Baroness Warsi sparks a Tory rebellion over Gaza conflict

First Muslim cabinet minister slams PM for “morally indefensible” policy

David Cameron was facing mutiny among senior Tory MPs last night as they lined up to condemn his handling of the Gaza crisis and to warn his stance was alienating millions of British Muslims.

The rebellion was triggered by the resignation of Baroness Warsi, the first Muslim cabinet minister, over his refusal to take a tougher stance on the Israeli bombardment during which 1,800 Palestinians have died. Her dramatic departure, in which she warned the Prime Minister’s approach was “detrimental” to the national interest and risked radicalising young Muslims, won plaudits from several former Tory ministers. Boris Johnson, the Mayor of London, also appeared to back her.

She called for an immediate arms embargo against Israel and said that the Government’s “approach and language during the current crisis in Gaza is morally indefensible”. In a swipe at Mr Cameron, she lamented the sacking of moderate ministers such as Kenneth Clarke in last month’s reshuffle.

George Osborne, the Chancellor, responded by describing her departure as “disappointing and frankly unnecessary” when a tentative ceasefire was in place. Her resignation is a major headache for the Prime Minister, who resumed his Portuguese holiday yesterday after attending the First World War commemoration events.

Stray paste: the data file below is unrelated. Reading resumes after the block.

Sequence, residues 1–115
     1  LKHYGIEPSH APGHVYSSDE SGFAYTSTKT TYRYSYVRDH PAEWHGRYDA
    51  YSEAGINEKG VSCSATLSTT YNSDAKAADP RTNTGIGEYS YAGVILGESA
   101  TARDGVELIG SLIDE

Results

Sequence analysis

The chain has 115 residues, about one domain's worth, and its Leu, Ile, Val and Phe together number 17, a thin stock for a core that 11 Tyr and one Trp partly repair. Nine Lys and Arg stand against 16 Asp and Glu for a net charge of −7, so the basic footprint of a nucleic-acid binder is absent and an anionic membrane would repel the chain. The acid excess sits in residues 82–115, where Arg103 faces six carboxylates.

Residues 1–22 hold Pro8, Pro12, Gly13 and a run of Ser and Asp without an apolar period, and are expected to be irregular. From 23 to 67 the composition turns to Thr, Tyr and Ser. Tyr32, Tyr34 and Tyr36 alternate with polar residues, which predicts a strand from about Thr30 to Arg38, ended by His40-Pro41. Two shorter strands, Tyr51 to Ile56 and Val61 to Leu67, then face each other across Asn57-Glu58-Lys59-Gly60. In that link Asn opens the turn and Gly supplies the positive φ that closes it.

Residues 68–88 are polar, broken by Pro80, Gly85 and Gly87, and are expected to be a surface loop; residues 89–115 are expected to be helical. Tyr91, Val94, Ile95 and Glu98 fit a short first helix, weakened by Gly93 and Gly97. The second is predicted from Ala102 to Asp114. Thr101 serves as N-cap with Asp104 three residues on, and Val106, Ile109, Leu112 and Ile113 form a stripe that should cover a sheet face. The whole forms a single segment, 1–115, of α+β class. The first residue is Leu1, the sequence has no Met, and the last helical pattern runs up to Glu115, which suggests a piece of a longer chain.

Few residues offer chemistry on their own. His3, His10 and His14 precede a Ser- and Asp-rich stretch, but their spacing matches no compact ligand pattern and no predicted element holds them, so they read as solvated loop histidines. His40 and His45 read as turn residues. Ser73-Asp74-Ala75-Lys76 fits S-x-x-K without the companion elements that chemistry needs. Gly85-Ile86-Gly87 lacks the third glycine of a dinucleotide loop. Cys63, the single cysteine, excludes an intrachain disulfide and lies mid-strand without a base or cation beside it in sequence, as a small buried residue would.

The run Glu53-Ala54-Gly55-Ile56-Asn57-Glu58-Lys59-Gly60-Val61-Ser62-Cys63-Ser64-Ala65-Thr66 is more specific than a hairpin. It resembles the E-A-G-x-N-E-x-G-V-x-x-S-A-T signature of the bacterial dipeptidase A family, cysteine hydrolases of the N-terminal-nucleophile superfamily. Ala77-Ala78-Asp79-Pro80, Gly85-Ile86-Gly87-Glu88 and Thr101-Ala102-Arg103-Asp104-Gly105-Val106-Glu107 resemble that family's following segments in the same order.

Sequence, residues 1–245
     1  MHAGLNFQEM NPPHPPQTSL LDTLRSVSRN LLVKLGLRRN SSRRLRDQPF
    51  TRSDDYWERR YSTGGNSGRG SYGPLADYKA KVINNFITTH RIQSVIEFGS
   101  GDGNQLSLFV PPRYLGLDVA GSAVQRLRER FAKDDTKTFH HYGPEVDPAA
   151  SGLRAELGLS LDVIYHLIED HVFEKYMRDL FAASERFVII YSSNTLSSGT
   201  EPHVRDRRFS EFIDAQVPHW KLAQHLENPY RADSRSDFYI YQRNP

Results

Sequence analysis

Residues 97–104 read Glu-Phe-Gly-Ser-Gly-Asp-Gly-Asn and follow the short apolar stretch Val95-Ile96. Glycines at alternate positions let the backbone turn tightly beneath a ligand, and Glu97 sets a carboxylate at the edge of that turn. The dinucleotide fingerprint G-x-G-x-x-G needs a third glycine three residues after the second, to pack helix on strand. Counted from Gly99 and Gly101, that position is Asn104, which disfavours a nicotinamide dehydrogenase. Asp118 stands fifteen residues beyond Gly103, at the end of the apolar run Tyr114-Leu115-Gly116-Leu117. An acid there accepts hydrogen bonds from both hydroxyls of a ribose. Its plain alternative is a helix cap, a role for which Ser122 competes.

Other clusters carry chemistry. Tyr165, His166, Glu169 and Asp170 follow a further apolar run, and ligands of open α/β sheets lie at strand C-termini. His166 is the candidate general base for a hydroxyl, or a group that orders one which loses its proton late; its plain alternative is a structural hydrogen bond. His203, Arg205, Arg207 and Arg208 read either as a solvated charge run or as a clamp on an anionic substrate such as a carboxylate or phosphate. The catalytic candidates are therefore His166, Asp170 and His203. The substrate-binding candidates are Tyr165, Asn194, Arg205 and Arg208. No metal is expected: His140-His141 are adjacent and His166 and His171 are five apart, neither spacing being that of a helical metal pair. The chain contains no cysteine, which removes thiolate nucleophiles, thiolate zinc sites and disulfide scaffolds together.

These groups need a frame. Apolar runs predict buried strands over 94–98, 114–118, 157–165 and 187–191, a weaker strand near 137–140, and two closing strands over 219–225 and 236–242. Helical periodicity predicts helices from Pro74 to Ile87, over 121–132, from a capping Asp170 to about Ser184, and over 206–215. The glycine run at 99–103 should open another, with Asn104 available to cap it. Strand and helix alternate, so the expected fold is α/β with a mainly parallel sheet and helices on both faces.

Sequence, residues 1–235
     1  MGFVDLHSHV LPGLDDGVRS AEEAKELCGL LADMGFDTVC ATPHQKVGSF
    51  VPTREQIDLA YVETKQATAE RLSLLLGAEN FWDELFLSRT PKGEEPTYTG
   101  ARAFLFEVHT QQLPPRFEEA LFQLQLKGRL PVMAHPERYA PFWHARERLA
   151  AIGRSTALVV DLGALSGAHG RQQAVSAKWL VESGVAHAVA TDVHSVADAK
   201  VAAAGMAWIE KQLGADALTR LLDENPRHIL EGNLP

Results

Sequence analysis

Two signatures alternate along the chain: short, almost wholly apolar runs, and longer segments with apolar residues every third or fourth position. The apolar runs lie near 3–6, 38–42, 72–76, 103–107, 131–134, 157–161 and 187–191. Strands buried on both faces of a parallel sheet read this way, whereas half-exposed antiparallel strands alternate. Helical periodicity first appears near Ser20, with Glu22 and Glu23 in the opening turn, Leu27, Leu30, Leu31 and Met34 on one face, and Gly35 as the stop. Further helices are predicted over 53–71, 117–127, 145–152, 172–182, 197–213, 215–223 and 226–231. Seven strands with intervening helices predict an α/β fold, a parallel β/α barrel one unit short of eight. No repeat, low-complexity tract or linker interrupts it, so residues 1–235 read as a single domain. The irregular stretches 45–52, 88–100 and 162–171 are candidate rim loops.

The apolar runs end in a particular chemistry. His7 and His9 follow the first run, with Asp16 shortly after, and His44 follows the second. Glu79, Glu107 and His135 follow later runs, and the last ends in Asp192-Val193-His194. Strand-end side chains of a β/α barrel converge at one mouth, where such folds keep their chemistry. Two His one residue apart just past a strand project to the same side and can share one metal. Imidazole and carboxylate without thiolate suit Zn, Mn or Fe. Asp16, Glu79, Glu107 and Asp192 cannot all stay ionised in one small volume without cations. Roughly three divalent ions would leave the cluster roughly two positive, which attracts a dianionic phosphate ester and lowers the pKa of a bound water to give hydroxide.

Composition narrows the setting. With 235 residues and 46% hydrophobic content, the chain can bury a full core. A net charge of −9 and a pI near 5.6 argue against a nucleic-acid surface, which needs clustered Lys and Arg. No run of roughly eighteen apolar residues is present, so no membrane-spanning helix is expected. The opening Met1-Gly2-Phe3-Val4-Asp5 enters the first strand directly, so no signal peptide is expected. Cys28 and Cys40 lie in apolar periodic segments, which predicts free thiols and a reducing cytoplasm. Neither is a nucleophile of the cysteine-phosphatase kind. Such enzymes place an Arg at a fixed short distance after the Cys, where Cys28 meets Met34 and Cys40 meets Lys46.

Video: Baroness Warsi speaks about resignation

His discomfort was compounded by prominent Conservatives breaking ranks to support Lady Warsi’s comments. Alistair Burt, the former Foreign Office minister responsible for the Middle East, said: “There is a concern that Israel’s attempts to protect itself and destroy terrorist tunnels is at such dreadful expense of human life. That’s there, not only on the Conservative benches, but throughout Parliament.”

The former Justice minister, Crispin Blunt, praised her decision as “brave and principled”, Damian Green, the former immigration minister, said she was a “brave woman who always speaks her mind” and the former Environment Secretary Lord Deben said: “She is a significant loss on a real matter of principle.”

Sir Nicholas Soames, a former defence minister, tweeted: “The Government needs to note and learn from the resignation of Sayeeda Warsi she was right to leave over a matter of such great importance.”

David Cameron with Baroness Warsi in 2010 (Getty) David Cameron with Baroness Warsi in 2010 (Getty)

Her departure will be a blow to Tory efforts to reach out to Muslim voters, just 12 per cent of whom backed the party at the last election.

The Tory MEP Sajjad Karim, who became the first British Muslim in the European Parliament, said: “There is quite clearly a directional shift in Government today and that goes against the grain of what the majority of British people will want to see.”

“I think there is a growing awareness amongst many people that our Government’s position is out of step with what people are seeing on their screens. Much more needs to be done to ensure Israel is held to restraint.”

Mohammed Amin, the chairman of Conservative Muslim Forum, said: “She has been an inspiring advocate for religious freedom around the world. Her work needs to continue.”